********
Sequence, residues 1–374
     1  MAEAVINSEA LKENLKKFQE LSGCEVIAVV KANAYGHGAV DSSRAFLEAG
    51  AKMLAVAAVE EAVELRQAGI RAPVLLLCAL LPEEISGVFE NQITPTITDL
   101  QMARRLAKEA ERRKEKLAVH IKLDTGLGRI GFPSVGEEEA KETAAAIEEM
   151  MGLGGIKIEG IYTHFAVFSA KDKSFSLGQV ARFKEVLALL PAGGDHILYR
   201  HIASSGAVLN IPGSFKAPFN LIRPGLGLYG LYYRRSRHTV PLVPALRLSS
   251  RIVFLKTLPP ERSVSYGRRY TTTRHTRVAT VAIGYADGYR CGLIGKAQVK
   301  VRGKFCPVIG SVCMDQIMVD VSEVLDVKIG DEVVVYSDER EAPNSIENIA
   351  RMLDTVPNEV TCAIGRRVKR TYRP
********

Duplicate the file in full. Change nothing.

Sequence, residues 1–374
     1  MAEAVINSEA LKENLKKFQE LSGCEVIAVV KANAYGHGAV DSSRAFLEAG
    51  AKMLAVAAVE EAVELRQAGI RAPVLLLCAL LPEEISGVFE NQITPTITDL
   101  QMARRLAKEA ERRKEKLAVH IKLDTGLGRI GFPSVGEEEA KETAAAIEEM
   151  MGLGGIKIEG IYTHFAVFSA KDKSFSLGQV ARFKEVLALL PAGGDHILYR
   201  HIASSGAVLN IPGSFKAPFN LIRPGLGLYG LYYRRSRHTV PLVPALRLSS
   251  RIVFLKTLPP ERSVSYGRRY TTTRHTRVAT VAIGYADGYR CGLIGKAQVK
   301  VRGKFCPVIG SVCMDQIMVD VSEVLDVKIG DEVVVYSDER EAPNSIENIA
   351  RMLDTVPNEV TCAIGRRVKR TYRP